Let’s begin this monster mash with one of the big ones. It was a huge hit for Universal that launched its classic series of monster movies, it defined the public’s perception of Dracula, it heavily influenced decades of film and horror fans, it’s often considered one of the best horror movies of all time, and it’s…maybe, possibly, not quite as good as some may remember it.
Carl Laemmle, Sr., founder of Universal Pictures, had been wanting to make a film adaption of Dracula since the silent days. He was never able to make it happen, but there were two silent films in which Dracula appeared.
One is a little known lost film called Dracula’s Death from 1922 that had little to do with Bram Stoker’s novel. It was about a man in a sanitarium who thought he was the devilish count. Also in 1922, there was the German Expressionist classic Nosferatu. It was an unauthorized adaption of the novel directed by famed silent film director F.W. Murnau where Dracula went by the name Count Orlok.
After a competition between the major studios, Universal obtained the film rights for the novel from Stoker’s widow. Carl Laemmle, Jr., the then head of production at Universal, was its producer. His dad was not a huge fan of horror movies despite having produced many highly profitable ones (like The Hunchback of Notre Dame starring Lon Chaney, Sr.). Laemmle, Jr. couldn’t have been more different from his father when it came to the genre. He loved horror and was keen to adapt Dracula.
Initially, Laemmle Jr. wanted to produce a faithful adaptation of the novel – one that would be a sprawling epic. Due to the rough times of the Great Depression, the movie was forced to be scaled down. Eventually, it had more in common with the popular Hamilton Deane 1924 England stage play and the revised 1927 John L. Balderston Broadway production. The story cut chunks out of the original book and was similar to a drawing room mystery and not the large-scale Stoker story.
The 1931 movie imported a few cast members from the stage production. One was Edward Van Sloan, a German-American actor who played the story’s ultimate hero, the wise Professor Abraham Van Helsing. Then there was Herbert Bunston as Dr. Seward, the head of a sanitarium that is located adjacent to Dracula’s London dwellings. Lastly, there was the most famous of them all, Bela Lugosi.
Lugosi was a Hungarian character actor who only got the role in the stage play because the producers couldn’t afford a “name” actor (though he ended up being majorly popular in the production). Consequently, he was given the part in the movie because of his strong and persistent lobbying for the part and his agreeing to the measly sum of $500 a week for seven weeks of work. The fact that Lon Chaney Sr. died before the Laemmles could convince him to do it didn’t hurt either.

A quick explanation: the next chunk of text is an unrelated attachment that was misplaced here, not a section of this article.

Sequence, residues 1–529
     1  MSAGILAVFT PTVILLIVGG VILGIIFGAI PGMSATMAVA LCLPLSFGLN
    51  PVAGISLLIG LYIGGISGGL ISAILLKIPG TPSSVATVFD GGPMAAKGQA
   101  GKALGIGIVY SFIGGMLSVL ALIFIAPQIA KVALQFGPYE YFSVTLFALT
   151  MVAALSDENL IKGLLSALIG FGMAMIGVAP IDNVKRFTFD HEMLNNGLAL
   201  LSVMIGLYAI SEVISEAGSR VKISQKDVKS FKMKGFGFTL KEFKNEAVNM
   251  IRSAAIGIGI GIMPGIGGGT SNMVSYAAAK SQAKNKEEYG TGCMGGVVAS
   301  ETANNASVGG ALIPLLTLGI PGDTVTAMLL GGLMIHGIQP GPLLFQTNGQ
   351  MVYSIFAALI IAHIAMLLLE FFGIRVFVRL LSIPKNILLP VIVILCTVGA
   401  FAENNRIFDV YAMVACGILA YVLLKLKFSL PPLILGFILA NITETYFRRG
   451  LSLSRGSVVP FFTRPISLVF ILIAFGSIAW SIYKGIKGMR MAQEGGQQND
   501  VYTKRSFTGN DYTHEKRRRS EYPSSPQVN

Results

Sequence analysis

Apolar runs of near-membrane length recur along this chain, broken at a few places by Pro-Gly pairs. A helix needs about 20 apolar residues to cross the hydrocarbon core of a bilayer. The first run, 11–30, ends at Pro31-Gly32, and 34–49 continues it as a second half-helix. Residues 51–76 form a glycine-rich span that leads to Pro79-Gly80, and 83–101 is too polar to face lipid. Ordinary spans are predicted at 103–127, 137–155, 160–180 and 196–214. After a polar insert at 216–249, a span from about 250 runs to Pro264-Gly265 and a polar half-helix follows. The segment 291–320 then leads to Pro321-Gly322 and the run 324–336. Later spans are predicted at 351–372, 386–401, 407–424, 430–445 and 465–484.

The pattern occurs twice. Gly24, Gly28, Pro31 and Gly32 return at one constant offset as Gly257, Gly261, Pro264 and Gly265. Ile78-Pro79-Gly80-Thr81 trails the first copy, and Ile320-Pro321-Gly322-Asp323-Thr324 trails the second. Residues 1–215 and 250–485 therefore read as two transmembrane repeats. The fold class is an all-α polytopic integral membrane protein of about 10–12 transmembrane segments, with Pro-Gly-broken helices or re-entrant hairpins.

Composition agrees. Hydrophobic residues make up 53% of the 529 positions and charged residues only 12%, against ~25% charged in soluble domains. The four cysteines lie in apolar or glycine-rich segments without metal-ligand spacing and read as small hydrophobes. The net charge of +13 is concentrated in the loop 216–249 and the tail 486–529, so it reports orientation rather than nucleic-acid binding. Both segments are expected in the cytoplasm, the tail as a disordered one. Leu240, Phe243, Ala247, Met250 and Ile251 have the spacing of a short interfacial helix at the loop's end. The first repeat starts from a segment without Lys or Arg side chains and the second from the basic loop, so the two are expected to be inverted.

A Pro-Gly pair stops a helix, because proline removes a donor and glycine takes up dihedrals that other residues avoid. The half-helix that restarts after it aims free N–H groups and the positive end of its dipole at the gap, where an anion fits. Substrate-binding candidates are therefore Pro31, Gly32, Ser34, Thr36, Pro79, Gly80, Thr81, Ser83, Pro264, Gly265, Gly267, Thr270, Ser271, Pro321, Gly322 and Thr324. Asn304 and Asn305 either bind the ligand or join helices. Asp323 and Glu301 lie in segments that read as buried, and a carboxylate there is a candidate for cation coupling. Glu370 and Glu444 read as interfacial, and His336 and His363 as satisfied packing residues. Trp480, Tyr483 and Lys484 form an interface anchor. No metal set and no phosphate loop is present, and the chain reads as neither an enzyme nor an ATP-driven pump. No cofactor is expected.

Thankfully (or not, depending on what you think of his interpretation), Lugosi was cast. He emerged as what would become the characterization of Dracula that almost everyone thinks of when the character comes to mind. More so than the novel in fact – the 1931 movie has created much of the iconography we now associate with the famous bloodsucker.
Dracula begins very much like the novel, with a visitor traveling to Dracula’s castle in Transylvania to discuss Carfax Abbey, a new piece of London property the Count has obtained. In the book, this man is Jonathan Harker. In the movie, this role is given to Renfield (Dwight Frye). Renfield goes insane after his encounter at Dracula’s eerie castle. He spends the rest of the film as Dracula’s crazed servant who is itching to drink the blood of flies, spiders, and – if he plays his cards right – rats.
Renfield, who is taken to Dr. Seward’s Sanitarium shortly after returning to London, helps the suave Dracula infiltrate the facility. Living there are Mina (Seward’s daughter, played by Helen Chandler) and, I guess (the movie is not very clear), Mina’s friend Lucy (Frances Dade). Dracula drinks their blood and is intent on making them both creatures of the night. Standing in Dracula’s way are Dr. Seward, Mina’s lover Jonathan Harker (David Manners), and a distinguished professor and scholar of strange occurrences and facts, Abraham Van Helsing.
The man heading Dracula was Tod Browning. He was an accomplished silent movie director (many of his films starred Lon Chaney, Sr.), but he was never comfortable making talkies. He had difficulty directing dialogue and there are scenes in Dracula that function without it like a silent film.
In later years, Manners said he didn’t remember Browning being all that present during filming. He suggested that cinematographer Karl Freund (pioneer of many moving camera techniques, even though his work in this film is mostly static, which might be down to Browning) stepped in to direct portions of the movie. I have also read that Browning was depressed after the death of Lon Chaney and he was suffering from severe alcoholism. This led to him being less meticulous than was his norm, even leaving the set at times.